Evin Durkin | A Collaboration For the Future

Our BMus student tells all on his virtual collaboration in aid of UNICEF...


The Covid-19 lockdown has seen the ICMP music community up the ante when it comes to musical creativity and innovation. 

'A Collaboration For the Future', a new video release from our BMus in Popular Music Performance student Evin Durkin, is one of the most ambitious projects we've seen. 

Featuring more than 40 contributors from ICMP, the arrangement of Elton John's 'Circle of Life' , has been released to raise money for UNICEF. 

We caught up with Evin ahead of the release to find out what motivated the project, how he came up with arrangement and the challenges of pulling this together in rural Ireland without Wi-Fi...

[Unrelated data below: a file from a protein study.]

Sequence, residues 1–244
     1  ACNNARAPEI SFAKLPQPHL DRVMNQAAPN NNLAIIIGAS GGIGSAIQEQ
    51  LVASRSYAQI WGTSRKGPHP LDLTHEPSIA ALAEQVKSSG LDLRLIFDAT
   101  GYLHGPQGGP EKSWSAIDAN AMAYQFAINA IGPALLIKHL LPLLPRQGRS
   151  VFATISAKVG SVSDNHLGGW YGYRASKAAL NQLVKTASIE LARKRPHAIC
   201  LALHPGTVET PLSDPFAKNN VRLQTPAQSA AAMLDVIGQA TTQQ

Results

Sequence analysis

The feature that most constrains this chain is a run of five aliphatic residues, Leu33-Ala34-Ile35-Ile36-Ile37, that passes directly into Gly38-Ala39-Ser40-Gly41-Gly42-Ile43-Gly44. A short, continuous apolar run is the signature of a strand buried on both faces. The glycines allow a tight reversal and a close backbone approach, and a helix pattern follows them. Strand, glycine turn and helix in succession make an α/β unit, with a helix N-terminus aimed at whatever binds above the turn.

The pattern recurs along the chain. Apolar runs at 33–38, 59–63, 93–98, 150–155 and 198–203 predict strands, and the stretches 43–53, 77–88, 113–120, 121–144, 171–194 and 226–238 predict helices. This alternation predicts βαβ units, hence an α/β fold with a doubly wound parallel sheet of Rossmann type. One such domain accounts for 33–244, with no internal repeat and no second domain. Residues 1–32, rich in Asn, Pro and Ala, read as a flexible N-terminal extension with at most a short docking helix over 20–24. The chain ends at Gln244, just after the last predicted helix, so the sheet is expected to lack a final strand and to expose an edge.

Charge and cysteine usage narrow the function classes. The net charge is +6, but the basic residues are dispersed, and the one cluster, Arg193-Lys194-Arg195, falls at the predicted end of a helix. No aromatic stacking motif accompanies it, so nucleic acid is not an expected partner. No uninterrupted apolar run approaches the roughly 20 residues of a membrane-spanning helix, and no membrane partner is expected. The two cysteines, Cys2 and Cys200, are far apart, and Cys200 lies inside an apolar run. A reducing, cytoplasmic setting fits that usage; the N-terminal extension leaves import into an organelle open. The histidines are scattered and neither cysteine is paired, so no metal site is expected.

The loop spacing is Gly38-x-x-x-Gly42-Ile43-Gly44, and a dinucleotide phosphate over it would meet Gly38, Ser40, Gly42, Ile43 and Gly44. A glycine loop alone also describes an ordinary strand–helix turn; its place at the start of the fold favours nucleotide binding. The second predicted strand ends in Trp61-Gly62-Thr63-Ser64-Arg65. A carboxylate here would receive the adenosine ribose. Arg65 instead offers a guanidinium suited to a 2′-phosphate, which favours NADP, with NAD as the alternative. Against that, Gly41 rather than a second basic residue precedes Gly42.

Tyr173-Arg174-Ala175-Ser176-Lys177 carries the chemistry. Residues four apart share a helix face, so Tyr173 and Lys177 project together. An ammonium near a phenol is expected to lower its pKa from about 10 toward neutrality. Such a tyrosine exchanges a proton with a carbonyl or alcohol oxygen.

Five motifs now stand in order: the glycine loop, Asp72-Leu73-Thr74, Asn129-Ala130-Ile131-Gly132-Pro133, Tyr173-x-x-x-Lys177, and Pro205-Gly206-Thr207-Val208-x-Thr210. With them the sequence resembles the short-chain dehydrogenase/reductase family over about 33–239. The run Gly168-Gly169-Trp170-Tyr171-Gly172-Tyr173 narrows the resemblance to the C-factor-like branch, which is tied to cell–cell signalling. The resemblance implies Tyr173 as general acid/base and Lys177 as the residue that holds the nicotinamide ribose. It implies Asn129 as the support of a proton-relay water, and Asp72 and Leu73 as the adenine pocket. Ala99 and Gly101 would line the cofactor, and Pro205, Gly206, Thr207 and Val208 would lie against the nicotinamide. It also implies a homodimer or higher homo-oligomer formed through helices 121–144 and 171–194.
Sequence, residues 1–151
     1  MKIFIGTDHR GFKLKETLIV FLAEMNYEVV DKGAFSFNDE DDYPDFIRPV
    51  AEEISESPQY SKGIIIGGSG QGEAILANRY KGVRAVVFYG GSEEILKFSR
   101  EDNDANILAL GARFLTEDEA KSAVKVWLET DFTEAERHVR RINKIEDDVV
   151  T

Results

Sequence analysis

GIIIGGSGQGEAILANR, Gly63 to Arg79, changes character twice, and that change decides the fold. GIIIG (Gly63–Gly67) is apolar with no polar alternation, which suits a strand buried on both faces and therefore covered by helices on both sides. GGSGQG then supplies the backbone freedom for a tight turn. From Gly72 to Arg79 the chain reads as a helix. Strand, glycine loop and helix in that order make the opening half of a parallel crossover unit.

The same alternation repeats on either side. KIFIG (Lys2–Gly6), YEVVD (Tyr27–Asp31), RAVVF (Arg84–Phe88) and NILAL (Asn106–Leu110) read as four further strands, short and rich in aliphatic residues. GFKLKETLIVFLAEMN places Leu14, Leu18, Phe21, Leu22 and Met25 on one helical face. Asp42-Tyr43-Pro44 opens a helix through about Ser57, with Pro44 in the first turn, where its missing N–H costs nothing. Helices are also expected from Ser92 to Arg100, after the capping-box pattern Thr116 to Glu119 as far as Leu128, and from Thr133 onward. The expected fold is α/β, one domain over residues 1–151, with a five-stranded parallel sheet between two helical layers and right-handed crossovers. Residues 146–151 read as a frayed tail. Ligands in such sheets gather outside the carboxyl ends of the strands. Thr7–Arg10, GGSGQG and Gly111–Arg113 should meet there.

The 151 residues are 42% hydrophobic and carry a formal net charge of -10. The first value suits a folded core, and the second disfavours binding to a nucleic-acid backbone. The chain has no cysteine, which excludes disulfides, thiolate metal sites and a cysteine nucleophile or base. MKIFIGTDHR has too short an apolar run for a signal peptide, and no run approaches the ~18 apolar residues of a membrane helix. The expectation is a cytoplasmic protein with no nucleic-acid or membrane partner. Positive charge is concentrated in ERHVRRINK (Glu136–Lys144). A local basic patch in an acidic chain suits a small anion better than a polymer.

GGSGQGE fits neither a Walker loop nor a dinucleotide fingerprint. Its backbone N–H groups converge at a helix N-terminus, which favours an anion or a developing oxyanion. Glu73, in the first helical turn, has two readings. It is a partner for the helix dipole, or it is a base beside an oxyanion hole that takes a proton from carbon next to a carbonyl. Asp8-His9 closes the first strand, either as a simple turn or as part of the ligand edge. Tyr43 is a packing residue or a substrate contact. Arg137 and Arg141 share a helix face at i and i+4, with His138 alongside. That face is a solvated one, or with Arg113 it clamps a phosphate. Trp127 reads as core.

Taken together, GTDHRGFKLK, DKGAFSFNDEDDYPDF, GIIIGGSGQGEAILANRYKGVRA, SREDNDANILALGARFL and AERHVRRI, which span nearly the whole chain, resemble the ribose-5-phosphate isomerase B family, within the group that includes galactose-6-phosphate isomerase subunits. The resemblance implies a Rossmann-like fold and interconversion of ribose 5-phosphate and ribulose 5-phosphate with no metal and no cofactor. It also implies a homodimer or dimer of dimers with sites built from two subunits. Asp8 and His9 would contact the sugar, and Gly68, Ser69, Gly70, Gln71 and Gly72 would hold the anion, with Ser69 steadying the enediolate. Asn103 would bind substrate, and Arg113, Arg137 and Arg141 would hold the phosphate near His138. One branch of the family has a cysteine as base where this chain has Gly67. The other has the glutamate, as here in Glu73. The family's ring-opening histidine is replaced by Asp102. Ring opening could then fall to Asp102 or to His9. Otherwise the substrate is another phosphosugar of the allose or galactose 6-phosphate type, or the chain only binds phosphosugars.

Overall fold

Where did the idea for the project come from? 

'A Collaboration For The Future' found its feet during the Covid-19 lockdown. It aimed to bring individuals I had gotten to know over the past year and a half at ICMP together in one big video. 

I wanted to share a message of hope, that although we are in a difficult situation right now, we will work together to find a way to get through this." 

This message is told in the lyrics of Elton John's ‘The Circle of Life’ .

As the project took shape I began to realise this arrangement was going to be both empowering and emotional and so I wanted to take this message outside my social circle.

The project matured from a small bedroom collaboration into what I hope represents a movement of hope. UNICEF believes “every child has the right to survive and thrive”. I believe young people are key to a bright future and they need to be supported in moments of uncertainty. 

How did you get tutors and students involved? 

Upon returning home - from London to Ireland - I wasn’t playing gigs, in rehearsals or in music meetings.